Old School House owner preps space for new tenant
The historic Old School House is in the middle of regaining some of its former beauty.
The iconic building—which was the first location of Claremont High School—is undergoing construction to restore the eastside library and study room to its original grandeur, according to property owner Harry Woo.
“There are a lot of sculptures and carvings on the buildings that were all hiding before, behind additional buildings and walls,” Mr. Woo said. “We’re taking away all the outside stuff and making it visible to the street.”
The plan, according to the city, involves adding new exterior French doors in an arched entryway that’s already a part of the building, as well as replacing a large, decorative bay window.
“Some of the windows were covered up by this addition,” Director of Community Development Brian Desatnik said. “They’re sort of oval Spanish style windows that are going to be exposed now.”
The interior walls will be repainted as well, matching the colors used in the south and east portions of the Old School House, the city said. A parapet—or a low wall along the building’s roof edge—is also being added to match the building’s design.
Mr. Desatnik noted that while the project began two weeks ago. The plans for the site existed a decade before construction. Renovations to the Old School House have dated back to a specific plan that was drafted and approved by the city in December 2006. Mr. Desatnik said the specific plan called for the removal of the Casa de Salsa building, as well as an additional building in the back of the school house to free up more parking.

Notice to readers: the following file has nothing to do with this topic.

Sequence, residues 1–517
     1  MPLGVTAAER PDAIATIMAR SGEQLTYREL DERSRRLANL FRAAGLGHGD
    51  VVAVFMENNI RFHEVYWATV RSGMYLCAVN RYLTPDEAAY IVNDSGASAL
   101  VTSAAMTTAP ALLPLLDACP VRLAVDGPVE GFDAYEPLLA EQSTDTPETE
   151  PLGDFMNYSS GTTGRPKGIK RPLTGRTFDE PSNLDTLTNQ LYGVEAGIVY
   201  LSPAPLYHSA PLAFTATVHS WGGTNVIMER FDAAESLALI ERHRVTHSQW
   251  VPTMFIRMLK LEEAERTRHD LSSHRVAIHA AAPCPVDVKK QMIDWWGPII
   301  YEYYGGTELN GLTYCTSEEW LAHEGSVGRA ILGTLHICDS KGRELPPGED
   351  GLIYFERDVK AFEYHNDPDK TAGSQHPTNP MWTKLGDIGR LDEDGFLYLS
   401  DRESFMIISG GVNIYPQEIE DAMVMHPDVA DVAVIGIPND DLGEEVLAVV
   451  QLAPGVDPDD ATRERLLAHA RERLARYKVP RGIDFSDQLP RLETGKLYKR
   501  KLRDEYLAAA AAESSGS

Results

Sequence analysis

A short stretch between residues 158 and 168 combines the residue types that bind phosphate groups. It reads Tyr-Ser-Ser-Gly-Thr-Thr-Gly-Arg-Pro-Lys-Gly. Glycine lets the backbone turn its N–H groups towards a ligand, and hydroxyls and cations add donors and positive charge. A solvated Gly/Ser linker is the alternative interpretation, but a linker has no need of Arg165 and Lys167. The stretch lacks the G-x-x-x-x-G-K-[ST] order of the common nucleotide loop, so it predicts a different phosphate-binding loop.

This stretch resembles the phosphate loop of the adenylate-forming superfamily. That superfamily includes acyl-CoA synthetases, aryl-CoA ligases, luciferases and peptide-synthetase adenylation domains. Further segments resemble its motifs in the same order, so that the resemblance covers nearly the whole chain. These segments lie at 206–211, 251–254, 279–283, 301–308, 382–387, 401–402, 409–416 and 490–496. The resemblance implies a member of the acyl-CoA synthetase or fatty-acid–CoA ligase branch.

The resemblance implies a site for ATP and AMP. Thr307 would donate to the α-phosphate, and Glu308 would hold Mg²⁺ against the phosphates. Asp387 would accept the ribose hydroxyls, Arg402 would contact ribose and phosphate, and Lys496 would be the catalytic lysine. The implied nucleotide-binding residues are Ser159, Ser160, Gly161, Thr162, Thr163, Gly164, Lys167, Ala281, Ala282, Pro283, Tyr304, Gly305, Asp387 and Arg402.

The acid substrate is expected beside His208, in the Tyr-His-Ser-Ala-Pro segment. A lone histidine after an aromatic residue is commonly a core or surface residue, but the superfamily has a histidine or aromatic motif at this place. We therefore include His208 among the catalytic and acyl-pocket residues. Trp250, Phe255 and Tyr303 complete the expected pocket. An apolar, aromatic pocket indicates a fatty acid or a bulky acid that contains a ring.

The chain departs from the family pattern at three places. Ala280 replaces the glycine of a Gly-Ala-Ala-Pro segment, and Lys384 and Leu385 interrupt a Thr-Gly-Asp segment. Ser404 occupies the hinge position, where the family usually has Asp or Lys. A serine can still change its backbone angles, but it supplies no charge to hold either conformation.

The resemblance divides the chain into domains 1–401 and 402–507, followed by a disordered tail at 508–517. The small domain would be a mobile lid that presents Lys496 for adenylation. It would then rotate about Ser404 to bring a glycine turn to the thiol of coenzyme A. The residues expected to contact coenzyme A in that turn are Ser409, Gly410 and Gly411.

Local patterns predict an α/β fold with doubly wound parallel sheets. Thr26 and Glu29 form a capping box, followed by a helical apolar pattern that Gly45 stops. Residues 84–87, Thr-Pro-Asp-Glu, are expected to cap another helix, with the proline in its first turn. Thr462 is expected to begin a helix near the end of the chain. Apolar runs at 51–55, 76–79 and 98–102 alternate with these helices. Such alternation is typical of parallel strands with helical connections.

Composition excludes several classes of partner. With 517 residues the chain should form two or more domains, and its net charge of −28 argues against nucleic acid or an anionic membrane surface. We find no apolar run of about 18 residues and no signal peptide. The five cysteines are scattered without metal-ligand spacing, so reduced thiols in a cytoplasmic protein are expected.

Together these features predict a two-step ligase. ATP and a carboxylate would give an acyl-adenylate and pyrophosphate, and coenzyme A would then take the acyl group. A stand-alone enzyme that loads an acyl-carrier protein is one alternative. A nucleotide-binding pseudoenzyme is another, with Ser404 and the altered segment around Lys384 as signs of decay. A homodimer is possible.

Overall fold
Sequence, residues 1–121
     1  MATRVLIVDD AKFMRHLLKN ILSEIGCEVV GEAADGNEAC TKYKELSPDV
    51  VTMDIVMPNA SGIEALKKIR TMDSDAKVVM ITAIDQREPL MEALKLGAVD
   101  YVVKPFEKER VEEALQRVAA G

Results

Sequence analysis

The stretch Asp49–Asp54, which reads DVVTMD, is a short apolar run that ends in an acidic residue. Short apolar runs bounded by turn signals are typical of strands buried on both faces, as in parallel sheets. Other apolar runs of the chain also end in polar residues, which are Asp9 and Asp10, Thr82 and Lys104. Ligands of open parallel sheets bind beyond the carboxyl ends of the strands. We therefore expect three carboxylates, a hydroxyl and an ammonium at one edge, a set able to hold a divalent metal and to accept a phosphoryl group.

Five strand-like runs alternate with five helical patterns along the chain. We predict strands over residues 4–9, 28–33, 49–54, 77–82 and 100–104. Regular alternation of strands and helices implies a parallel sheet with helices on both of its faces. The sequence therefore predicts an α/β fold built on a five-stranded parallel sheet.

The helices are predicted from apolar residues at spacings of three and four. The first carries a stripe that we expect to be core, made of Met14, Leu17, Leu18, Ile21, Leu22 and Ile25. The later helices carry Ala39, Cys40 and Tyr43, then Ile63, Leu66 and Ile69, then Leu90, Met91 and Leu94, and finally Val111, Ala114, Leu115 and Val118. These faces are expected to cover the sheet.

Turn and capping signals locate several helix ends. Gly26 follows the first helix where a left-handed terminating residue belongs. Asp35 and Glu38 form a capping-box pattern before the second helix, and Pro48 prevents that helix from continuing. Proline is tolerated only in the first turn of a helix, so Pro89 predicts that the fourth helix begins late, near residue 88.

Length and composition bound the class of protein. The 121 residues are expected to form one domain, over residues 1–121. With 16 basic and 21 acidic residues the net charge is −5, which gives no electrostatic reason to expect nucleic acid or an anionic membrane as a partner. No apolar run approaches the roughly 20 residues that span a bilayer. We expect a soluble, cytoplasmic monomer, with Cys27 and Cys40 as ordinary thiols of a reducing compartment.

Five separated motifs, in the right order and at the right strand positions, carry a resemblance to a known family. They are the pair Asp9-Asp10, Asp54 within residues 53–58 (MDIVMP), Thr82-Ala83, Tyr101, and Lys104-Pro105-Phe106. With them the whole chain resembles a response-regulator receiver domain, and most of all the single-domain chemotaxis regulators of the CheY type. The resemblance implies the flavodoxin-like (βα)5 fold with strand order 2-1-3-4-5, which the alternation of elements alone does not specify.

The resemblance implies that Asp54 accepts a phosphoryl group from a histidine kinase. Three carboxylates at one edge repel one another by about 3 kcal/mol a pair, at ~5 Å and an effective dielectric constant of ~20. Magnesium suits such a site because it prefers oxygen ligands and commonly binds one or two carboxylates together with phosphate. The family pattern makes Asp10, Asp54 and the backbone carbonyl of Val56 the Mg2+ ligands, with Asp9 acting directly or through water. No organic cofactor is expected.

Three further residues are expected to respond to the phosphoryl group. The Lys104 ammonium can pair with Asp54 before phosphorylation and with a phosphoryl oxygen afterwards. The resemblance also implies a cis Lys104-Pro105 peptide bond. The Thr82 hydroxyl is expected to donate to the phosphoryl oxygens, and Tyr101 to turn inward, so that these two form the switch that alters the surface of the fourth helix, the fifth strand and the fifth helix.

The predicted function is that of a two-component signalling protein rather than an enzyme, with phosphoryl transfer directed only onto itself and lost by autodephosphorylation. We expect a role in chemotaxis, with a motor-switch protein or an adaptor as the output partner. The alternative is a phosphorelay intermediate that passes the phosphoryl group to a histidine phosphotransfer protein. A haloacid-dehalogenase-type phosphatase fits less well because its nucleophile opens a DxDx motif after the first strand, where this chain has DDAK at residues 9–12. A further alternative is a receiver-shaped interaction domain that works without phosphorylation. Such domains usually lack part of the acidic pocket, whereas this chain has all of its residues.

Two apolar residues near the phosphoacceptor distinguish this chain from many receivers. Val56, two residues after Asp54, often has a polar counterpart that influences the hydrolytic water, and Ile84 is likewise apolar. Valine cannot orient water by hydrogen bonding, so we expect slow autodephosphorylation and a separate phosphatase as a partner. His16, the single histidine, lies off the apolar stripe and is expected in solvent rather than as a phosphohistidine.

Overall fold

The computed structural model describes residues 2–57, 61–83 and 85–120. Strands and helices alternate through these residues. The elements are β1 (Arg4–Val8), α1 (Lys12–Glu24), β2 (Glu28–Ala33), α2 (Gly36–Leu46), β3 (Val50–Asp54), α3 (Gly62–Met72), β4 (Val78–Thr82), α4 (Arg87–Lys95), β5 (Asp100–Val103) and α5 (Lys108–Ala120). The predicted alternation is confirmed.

“That was just a long-term plan for the building to build it back to original form,” he said.
The project should be completed within 30-45 days, Mr. Woo said, and will feature all the original designs from the building that were obscured by the addition in the 1960s. It’s all in an effort to make the building more appealing to passing Claremonters.
“This is really the most beautiful part of the Old School House,” Mr. Woo said.
Part of the original features that will be given new life are a set of carvings that hearken back to the building’s early days as a place of learning. Three carvings are going to be preserved—one featuring a student studying, another in a musical production and another in a chemistry lab.
The space was occupied by Casa de Salsa for many years. With its closure in 2014, Mr. Woo is looking for a suitable tenant for the space. He said he has entertained offers from restaurants, but wants to complete the project before announcing any move-ins.
“I really do not finalize with anyone, because I want to get it done so people know what they are dealing with instead of just imagining what it’s going to look like,” he said.
Later, he added that he would like to have a good tenant move in, “so we can have two birds in one hand—the opening of the restaurant and the historical restoration.”